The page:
What “The Man in Bogota” Means to Me – Jac Jemc
In a creative writing class in college a professor passed out copies of “The Man in Bogota” by Amy Hempel. The story changed my mind in a million ways.
The message of the story, the moral and the punch line is, “He wondered how we know that what happens to us isn’t good.” It was a time when I needed to re-evaluate my attitude and the line rang in my head. That sentence is so full of assumptions and contrasts. She doesn’t write, “He wondered how we know that what happens to us is bad.” Instead she puts the focus on what that something isn’t, suggesting that maybe, after all is said and done, it is.
The story is short, only a page long. It was one of the first pieces of flash I read that really made me feel it was possible to tell more in a page than in a whole book.
It’s a story within a story. It’s a story about the power of storytelling and it’s a story about survival. It was a time when storytelling was a survival tactic for me. It’s a “come-down-from-the-ledge” story.
The language is clear and plain, in a way that stuns me. It’s a way I’m unable to write and so thankful to read.
I remember sharing the story with my dad when I was home for a break. “Isn’t it awesome? She’s a minimalist!” I exclaimed, boiling down what I knew of the Lish style of editing to a statement that no longer resembled the truth. I remember my dad giving me a hard time for using the word “minimalism.” We argued, laughing.
And now, I’ve taken up more words talking about what this story means to me, than the story itself allows.
The narrator says she tells the story to try and get the woman on the ledge to ask herself a question. I don’t know any better reason to tell a story.
Jac Jemc is the author of My Only Wife. Her work has also appeared in The Denver Quarterly, Caketrain, Handsome and Sleepingfish, among others. She is the author of a chapbook of stories, These Strangers She'd Invited In (Greying Ghost Press) and the poetry editor for decomP Magazine. Jac blogs her rejections at jacjemc.wordpress.com.
A guest post from the fantastic story writer, Noy Holland:
Joseph Cardinale's work is ambitious and humble, carefully composed and recklessly felt. His stories are infused with an intoxicating spiritual depth; his characters become exalted, irrational, gorgeously unpredictable. They want the impossible and the impossible happens. They believe in the possibilities of transformation, and they stand fast by their convictions. Here is a writer who seeks the transformative, who exults in the promise of language to deepen and complicate experience. "Any good book is an experiment in living," someone said. Joseph writes stories which relieve readers of the trivia of the world; his stories are invitations to compassion, aesthetic bliss. They are necessary, and, in their nimbleness, their intensity of feeling, thrilling to read.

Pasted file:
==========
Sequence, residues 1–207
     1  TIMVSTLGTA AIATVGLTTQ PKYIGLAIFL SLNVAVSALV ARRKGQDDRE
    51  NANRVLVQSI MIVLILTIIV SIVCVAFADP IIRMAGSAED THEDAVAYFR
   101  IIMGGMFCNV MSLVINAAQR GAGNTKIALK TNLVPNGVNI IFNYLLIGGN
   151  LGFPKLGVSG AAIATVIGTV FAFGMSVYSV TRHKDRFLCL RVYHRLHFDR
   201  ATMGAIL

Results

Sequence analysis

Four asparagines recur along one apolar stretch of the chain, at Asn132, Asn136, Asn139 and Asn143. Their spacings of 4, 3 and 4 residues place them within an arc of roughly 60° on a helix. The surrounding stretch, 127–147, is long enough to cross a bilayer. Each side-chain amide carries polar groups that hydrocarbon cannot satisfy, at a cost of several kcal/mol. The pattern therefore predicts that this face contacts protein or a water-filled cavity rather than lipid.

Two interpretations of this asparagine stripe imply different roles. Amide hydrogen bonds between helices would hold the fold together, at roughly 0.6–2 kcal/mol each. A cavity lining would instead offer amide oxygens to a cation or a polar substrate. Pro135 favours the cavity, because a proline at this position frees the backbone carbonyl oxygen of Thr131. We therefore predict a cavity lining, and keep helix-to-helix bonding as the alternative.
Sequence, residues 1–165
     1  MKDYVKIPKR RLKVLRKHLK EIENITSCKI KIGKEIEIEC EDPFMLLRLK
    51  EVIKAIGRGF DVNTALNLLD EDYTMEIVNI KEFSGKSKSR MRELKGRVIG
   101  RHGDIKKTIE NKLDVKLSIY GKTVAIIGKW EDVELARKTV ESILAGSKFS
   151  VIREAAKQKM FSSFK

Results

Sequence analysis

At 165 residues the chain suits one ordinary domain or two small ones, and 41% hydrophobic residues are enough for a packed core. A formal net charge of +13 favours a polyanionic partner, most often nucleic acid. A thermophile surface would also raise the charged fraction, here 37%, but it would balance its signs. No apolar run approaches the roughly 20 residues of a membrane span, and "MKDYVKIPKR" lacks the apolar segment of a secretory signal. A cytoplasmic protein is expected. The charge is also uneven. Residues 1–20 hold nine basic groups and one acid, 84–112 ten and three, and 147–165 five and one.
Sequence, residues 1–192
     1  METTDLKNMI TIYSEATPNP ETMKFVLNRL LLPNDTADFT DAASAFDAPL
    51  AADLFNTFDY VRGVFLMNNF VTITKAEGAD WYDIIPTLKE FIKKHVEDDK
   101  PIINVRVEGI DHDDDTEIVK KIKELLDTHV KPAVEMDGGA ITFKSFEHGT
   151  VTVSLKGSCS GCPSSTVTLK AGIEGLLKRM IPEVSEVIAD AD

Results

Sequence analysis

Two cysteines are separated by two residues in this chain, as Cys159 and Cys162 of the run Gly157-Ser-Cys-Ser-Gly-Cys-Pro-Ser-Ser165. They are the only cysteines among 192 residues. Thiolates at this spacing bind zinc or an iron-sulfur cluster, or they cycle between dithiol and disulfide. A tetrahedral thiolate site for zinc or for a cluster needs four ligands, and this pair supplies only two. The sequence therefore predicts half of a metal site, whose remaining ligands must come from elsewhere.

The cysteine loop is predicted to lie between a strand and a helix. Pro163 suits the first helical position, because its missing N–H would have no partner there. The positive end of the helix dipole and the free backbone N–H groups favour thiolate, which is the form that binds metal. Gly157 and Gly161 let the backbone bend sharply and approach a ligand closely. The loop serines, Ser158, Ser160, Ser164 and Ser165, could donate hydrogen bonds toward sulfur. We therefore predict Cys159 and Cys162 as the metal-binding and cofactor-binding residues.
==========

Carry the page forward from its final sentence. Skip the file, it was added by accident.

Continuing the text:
author of Swim for the Little One First (forthcoming from FC2), What Begins with Bird, and The Spectacle of the Body
A guest post today from Roy Kesey about Zhu Wen:
The questions I most often ask myself are hard questions that do not have good answers such as Why did you just do that stupid painful expensive-to-fix thing? More fun is thinking about short stories for a month and then not exactly out of nowhere asking myself whom I most want to write another book of them.
The rule (arbitrary, crucial): the person must still be alive.
And so now here is today's answer: Zhu Wen.
I hope that you have already read his collection I Love Dollars (brilliantly trans. Julia Lovell, Penguin, 2008), the one where he says things like:
“Faces no longer mattered, in this kind of light.”
“It's a great life if you don't weaken. Or at least not as bad as you think it is.”
“Plan E was, in short, to wait for death.”
“Whenever I see a baby, my heart fills with pity. Why so late, unlucky child?”
“'Instant noodles,' he said. His monotone implied neither desire for dialogue nor admiration for my choice; he was just saying it, trying the words out: Instant noodles.”
“The plan was to soothe my nerves, but all I ended up with was a droopy scrotum.”
If you haven't then you definitely should. The stories are set in a China getting richer but not better (with the implication that if it were getting poorer, or staying the same, it would also not be getting better). These days Zhu Wen is mostly making movies that win prizes in Europe. The films are each very good, almost as good as his stories, which are glitteringly smart and funny and sad, and it would be great if he'd write some more soon.